Whether this means that private schools are especially good at preparing kids to graduate and attend college or that they simply prioritize such success more than other outcomes is still unclear. But we see similar patterns in charter schools too: a number of studies have shown that charter school students have a higher chance of high school graduation or college enrollment even when their test scores do not differ on average from their traditional public school counterparts.
In the Louisiana context, the researchers also found more nuanced results when they posed a number of other questions.
When researchers examined, for example, whether competition from private schools pressed nearby public schools to improve performance, they found that the test scores of students in these competing schools did indeed increase, albeit modestly.
When they asked whether the declines in voucher users’ tests scores were present in noncognitive student outcomes (such as grit, self-esteem, and political tolerance), they found both public and private school students had similar levels on those indicators.
Each of these questions provides a different way of assessing the overall impact of the voucher program both on students who use them and on students in the surrounding communities as well.
Weighing other factors
More generally, it’s important to remember that voucher programs operate differently in different places.
In Louisiana, for example, one prominent explanation for the negative test scores is that heavy regulation of private providers keeps the best schools in that sector away from offering seats to voucher users. But in Wisconsin, we know that some regulations, such as requiring private schools to publicly report the academic performance of their voucher users, actually increased test scores.
Other state laws determine who’s eligible to use a voucher in the first place. In some states, vouchers exist expressly for kids with special academic needs; in others, low-income families are eligible as well.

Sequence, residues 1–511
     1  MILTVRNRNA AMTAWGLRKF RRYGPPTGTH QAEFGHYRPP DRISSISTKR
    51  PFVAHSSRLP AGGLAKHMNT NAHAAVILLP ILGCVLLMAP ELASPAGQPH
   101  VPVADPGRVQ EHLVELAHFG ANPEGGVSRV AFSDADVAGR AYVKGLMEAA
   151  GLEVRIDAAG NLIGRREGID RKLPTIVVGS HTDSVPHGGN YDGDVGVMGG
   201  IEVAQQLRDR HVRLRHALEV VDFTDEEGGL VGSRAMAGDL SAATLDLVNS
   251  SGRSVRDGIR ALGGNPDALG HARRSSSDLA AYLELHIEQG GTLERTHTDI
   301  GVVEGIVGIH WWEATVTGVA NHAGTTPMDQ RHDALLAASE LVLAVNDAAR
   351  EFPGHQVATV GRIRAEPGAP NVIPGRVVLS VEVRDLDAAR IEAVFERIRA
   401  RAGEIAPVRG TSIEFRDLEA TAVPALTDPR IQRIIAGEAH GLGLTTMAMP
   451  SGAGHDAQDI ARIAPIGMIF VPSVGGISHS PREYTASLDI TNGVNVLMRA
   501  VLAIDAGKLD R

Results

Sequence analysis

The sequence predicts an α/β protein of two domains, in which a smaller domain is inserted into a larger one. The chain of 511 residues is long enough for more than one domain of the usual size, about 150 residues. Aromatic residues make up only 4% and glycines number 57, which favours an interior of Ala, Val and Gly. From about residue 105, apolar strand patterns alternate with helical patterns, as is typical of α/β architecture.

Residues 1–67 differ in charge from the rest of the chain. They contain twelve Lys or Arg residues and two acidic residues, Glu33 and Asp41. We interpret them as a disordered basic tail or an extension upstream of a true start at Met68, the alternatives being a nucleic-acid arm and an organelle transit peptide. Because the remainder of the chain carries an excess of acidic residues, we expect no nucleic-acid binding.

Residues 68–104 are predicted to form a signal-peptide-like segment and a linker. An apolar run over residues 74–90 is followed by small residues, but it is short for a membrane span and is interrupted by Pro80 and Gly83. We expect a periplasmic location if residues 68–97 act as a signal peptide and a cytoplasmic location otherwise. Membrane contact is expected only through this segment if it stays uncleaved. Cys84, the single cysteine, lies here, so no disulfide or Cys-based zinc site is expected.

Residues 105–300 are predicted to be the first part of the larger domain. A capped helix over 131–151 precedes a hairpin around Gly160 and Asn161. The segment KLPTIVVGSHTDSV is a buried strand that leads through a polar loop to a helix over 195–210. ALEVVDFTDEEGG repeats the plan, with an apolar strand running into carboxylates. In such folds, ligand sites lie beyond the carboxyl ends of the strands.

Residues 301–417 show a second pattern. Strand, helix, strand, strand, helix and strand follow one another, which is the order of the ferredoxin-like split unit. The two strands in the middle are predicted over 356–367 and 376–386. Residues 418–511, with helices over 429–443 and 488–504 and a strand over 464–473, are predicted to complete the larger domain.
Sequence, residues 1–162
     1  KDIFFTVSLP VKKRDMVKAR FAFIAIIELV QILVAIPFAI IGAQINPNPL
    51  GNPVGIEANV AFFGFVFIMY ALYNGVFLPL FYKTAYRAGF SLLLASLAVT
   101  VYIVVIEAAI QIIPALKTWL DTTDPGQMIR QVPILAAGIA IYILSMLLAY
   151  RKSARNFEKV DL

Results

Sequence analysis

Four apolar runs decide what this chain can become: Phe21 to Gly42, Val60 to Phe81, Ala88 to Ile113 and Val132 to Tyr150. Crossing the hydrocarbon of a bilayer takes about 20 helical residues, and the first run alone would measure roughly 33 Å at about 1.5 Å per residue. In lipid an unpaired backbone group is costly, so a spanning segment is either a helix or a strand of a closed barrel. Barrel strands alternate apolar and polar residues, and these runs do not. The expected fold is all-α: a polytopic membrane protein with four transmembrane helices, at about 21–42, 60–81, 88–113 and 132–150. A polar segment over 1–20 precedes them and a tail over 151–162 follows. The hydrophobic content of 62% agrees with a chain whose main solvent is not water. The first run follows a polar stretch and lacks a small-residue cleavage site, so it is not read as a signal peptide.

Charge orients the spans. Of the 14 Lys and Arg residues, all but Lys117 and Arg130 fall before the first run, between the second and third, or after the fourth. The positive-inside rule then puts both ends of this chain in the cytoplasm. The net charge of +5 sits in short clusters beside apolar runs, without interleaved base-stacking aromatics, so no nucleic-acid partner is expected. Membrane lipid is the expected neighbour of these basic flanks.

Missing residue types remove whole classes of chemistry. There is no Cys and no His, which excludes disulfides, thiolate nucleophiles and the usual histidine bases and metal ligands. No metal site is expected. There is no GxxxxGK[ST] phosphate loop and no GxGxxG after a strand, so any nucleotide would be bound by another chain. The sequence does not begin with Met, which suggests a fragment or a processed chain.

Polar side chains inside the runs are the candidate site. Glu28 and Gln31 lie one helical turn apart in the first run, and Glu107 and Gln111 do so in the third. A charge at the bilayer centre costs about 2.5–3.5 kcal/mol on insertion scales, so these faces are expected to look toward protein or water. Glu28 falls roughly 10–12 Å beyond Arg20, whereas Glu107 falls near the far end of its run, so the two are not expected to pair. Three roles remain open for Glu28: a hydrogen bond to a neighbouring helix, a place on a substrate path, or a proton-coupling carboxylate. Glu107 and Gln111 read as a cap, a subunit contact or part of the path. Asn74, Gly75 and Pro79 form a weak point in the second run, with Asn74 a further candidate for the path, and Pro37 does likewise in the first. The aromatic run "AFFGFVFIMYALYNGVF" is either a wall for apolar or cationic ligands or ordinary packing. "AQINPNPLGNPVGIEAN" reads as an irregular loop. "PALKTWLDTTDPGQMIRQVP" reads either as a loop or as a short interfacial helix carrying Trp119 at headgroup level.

Again, this implies that we have to be very careful. It is not as simple as taking evidence from one state and expecting the same results, good or bad, in another.
Apart from differences between states, there are other things to consider about the way voucher programs operate.
We know surprisingly little about teachers in schools that accept vouchers. State oversight of private school teachers is far less – in some places practically nonexistent – than for public school teachers.
Researchers are beginning, for example, to devote considerable effort to understanding who teaches in public charter schools. Answering that question in different voucher programs will help explain differences in students’ outcomes between private and public schools, both within and between different states.
Finally, we need to consider not only which students accept and benefit from a voucher, but also the extent to those who do attend private school – or any nontraditional alternative – are actually able to do so over the long term.
The evidence we have from places like Milwaukee and Washington, D.C. suggests substantial turnover in voucher programs, with minority students and students with the lowest test scores leaving private schools.
All of this is to say that when it comes to educating kids, what we know about school vouchers depends on what we ask. And what we ask should be informed not only by traditional academic outcomes, such as test scores, but also by a new understanding of the many different ways that schools can contribute to student success.
Joshua Cowen, Associate Professor of Educational Policy, Michigan State University
This article was originally published on The Conversation. Read the original article.
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Link: Do school vouchers improve results? It depends on what we ask